THOUGHT LEADERSHIP FOR HIGHER EDUCATION SINCE 2001: Reach out to us.
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Understand the primary focus of the company you are considering working with.
Some firms approach web relaunches as primarily a development job, others as primarily a content management system job, others as primarily a content generation job, and others primarily as a strategy job. Even if they bid on different kinds of work, most companies typically have a main focus, and understanding what that primary focus is will help you understand what they will be best at doing. Read their proposal, read their blog, talk to their references — understand what the company does best.

Hire beyond the capabilities of your internal team.
You should be hiring a firm to execute a web project in a way that would not be attainable if you kept the work in-house — or opted to work with freelancers instead of a single firm. This doesn’t have to be true for every area of a web relaunch (design, development, CMS implementation, content, and training), but you should have a very clear sense of what the selected firm will help you accomplish that is beyond your internal capabilities.

Everyone critical to the success of the project should help select the partner firm.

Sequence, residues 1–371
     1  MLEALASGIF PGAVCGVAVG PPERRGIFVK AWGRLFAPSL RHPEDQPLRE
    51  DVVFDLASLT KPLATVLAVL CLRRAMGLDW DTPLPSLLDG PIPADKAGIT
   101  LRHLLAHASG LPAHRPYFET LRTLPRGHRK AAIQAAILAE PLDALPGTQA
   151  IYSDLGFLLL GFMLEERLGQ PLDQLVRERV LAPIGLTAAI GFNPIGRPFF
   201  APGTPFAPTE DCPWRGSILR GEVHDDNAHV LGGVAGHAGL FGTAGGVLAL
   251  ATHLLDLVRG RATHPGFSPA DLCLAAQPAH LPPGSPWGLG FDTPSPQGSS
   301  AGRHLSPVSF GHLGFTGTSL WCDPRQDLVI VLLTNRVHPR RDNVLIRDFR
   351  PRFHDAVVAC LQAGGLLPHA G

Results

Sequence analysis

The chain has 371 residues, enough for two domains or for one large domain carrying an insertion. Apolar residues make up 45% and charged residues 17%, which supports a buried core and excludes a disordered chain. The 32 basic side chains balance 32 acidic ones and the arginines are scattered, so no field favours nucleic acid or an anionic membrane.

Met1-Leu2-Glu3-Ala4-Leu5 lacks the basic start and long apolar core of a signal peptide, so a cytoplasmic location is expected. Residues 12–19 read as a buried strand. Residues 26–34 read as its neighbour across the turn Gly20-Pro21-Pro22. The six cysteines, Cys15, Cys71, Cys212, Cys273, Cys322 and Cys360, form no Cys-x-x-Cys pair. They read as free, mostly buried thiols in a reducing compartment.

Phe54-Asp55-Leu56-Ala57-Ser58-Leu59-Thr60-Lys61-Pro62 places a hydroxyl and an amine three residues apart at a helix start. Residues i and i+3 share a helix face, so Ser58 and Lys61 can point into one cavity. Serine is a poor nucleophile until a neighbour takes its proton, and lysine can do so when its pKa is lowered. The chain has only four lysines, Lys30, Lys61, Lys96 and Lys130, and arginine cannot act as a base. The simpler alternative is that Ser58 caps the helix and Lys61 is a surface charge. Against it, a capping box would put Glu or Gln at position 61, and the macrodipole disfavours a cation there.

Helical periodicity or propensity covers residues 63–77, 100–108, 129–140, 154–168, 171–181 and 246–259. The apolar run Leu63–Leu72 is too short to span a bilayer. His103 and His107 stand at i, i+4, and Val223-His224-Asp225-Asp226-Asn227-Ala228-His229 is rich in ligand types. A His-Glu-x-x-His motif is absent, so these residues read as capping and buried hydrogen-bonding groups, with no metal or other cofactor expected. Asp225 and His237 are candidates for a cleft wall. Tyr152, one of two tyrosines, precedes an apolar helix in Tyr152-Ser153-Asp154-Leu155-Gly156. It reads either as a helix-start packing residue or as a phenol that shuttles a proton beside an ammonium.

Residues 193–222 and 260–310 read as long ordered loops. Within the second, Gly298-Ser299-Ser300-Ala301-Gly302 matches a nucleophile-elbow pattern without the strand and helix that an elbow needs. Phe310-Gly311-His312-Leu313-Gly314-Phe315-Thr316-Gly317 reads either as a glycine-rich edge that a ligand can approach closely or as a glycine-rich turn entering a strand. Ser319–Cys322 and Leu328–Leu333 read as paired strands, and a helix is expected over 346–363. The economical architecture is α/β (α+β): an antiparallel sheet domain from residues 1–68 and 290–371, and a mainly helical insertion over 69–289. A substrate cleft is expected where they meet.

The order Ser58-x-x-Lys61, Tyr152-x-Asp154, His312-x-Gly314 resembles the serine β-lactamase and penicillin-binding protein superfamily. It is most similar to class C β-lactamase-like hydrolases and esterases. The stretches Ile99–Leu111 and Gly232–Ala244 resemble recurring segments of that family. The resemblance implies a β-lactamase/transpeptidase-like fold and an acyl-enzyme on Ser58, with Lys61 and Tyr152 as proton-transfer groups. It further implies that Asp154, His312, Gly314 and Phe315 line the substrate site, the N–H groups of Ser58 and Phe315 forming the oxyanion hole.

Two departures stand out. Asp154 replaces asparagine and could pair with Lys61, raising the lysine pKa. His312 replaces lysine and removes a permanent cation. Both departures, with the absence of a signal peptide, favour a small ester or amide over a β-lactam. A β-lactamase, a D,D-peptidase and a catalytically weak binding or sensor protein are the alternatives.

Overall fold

If you work on a web team, everyone on the internal core team should participate in the vendor selection. The internal team should feel good about what the outside team is bringing to the table, or dysfunctional things may begin to happen when the project is underway.

Read, re-read, and re-re-read the contracts of competing firms.
The scope of work proposed is always going to look slightly different between firms. Make sure you understand exactly what each firm in question is offering you. Don’t be afraid to ask for revisions from the firm you are secretly rooting for — unless doing so violates your institution’s policies for managing responses.

Understand how the firm approaches content management system (CMS) selection, implementation, and training — assuming these things are part of the project scope.
Your site will live and die by content, and your CMS is the space your content editors will live in. From the response or from interviews, you should be able to gain clarity on how each potential partner firm will select, implement, and train your staff to use a content management system. If you are in the market for an enterprise-level CMS, I would be skeptical of any web design/development company that only offers one solution. There is no such thing as a perfect CMS and one size does not fit everyone.

Follow the rules, of course!
Most institutions have procedures for selecting a partner firm. These procedures often include requirements for writing the RFP, collecting competitive proposals, evaluating the proposals, and setting a budget. The rules should be followed with two strategic objectives in mind — eliminate candidates that aren’t viable in order to get to a short list for comparison and select the firm that is the best fit.

Doug Gapinski

AUTHOR - Doug Gapinski

I'm a user experience strategist and designer who has worked on web projects for higher education (Ivy League universities, community colleges and everything in between) for more than seven years. Find me on

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